Ultimate WordPress body_class()

Good themes for WordPress make use of two fundamental functions to help you style posts and pages contextually, the body_class() function, and the similar post_class() function.

However, there is the risk to overlap classes among the body element and the post container.

Duplicated classes

The post_class() function adds to the post container the categories to which the post is assigned to. Assuming we are opening the archive page for the category Review, we will have something similar to the markup below.

<body class="archive category category-review category-13">
<!-- ...and few lines later... -->
<article id="post-139" class="post-139 post type-post status-publish format-standard hentry category-review post-body">
...
</article></body>

If you pay attention, the class category-review has been assigned to both the body element and the post container.

Duplicated classes in your markup, especially in elements within one another, force you to increase specificity in your CSS.

body.category-review { /* contextual styling */ }  
article.category-review { /* contextual styling */ }  

Sure you can live with it. But I do prefer to keep specificity as low as possible.

The Ultimate body_class filter

After few tests I ended up with a solution I’m quite happy about. The function below can be placed in the functions.php file. What it does is filtering the default body_class() function.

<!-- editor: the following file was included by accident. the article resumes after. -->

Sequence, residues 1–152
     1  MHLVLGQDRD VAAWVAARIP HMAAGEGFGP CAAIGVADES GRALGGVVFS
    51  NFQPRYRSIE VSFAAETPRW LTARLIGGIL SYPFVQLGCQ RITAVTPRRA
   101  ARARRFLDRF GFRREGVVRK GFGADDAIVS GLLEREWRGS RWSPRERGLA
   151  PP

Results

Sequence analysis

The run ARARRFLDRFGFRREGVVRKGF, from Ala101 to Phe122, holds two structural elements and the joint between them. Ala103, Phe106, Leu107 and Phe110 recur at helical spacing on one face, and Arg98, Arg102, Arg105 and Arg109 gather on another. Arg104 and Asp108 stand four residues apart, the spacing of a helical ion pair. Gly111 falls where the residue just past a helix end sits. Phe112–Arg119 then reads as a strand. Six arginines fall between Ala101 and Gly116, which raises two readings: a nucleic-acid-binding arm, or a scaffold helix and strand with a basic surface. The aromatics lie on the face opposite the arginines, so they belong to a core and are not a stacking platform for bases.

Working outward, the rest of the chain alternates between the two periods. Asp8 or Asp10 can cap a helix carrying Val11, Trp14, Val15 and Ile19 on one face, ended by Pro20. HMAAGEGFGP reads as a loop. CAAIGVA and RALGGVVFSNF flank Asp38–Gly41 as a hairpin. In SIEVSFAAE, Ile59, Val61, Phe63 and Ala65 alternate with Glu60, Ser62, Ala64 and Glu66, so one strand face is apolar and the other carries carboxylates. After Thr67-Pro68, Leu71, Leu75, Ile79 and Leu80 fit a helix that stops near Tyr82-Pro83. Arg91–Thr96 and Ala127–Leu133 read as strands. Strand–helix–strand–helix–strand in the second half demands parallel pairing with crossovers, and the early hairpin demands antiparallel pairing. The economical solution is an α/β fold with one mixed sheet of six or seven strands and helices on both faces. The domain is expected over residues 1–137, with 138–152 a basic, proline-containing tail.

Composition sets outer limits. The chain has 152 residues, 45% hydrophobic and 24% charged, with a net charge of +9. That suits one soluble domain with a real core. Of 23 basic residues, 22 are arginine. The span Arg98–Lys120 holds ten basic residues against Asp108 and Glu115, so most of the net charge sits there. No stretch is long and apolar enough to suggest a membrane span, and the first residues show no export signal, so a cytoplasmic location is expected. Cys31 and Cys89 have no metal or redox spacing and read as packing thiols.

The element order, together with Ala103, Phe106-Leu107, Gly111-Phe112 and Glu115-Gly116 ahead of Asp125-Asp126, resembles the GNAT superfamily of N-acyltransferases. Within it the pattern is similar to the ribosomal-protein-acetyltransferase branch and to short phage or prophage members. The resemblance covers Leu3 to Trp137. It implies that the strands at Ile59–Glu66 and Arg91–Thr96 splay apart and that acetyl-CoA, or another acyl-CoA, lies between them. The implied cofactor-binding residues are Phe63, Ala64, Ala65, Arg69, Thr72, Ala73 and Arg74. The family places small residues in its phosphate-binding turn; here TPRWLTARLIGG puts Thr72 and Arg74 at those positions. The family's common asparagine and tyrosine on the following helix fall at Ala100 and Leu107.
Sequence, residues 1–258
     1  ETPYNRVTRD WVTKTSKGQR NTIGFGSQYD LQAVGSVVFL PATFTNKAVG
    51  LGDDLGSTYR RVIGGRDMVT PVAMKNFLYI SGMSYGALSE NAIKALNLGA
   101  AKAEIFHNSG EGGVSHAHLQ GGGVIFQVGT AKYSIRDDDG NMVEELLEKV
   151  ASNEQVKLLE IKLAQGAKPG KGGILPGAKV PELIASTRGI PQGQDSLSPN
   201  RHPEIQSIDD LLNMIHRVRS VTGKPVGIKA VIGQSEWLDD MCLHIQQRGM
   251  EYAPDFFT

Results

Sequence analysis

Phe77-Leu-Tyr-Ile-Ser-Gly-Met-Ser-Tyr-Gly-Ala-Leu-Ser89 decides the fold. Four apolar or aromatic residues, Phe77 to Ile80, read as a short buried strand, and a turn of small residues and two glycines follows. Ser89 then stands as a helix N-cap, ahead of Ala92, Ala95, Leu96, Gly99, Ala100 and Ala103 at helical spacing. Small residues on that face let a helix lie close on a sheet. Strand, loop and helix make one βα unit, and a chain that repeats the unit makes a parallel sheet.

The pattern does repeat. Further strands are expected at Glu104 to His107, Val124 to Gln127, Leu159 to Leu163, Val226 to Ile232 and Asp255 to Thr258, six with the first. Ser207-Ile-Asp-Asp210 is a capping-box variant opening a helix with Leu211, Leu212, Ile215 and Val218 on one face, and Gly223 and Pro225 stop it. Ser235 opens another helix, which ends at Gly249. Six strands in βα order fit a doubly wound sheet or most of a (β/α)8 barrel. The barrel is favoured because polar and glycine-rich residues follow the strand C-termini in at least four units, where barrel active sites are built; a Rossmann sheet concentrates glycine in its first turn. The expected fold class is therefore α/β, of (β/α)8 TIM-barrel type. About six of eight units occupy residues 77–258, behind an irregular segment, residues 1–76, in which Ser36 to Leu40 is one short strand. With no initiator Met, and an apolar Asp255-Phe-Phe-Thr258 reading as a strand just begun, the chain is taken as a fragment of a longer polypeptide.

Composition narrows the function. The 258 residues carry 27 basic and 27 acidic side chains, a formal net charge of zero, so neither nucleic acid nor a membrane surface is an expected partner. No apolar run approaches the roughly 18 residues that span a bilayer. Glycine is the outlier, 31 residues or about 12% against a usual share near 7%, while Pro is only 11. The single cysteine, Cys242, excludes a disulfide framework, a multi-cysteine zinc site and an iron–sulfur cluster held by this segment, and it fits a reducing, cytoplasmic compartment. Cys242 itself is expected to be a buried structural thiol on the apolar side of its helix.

if ( ! function_exists('my_body_class')) {
add_filter('body_class','my_body_class');
function my_body_class($classes) {
  global $wp_query, $post;
  if ( is_front_page()) { $classes[] = 'front-page'; }
  if ( is_page()) { $classes[] = 'page-'.$wp_query->query_vars['pagename']; }
  if ( is_singular()) { $classes[] = 'slug-'.$post->post_name; }
  if ( is_singular()) { $classes[] = 'post-type-'.$post->post_type; }
  if ( !is_404() && get_the_category( $post->ID)) {
    foreach (( get_the_category($post->ID)) as $category) {
      $classes[] = 'body-category-'.$category->category_nicename;
    }
  }
  return $classes;
}}

The filter make sure that the body element still has a class relative to an eventual category page, but also it avoids overlaps with classes assigned to the post container.

But now it will not be simply category-review, but body-category-review.

You can also change the line:

$classes[] = ‘body-category-‘.$category->category_nicename;  

In something that better works for you.

How to use it?

Assuming the theme does not have already a similar feature, a quick way to apply your new body_class() filter is to copy and past the code above directly into the functions.php file of your theme.

The files of a theme are usually located in the folder wp-content/themes/name-of-your-theme/

And the file functions.php is placed in the root of the theme.

If there is not such a file you can create it.

Pay attention to respect the PHP syntax, so that everything into the file is correctly encased within <?php and ?>.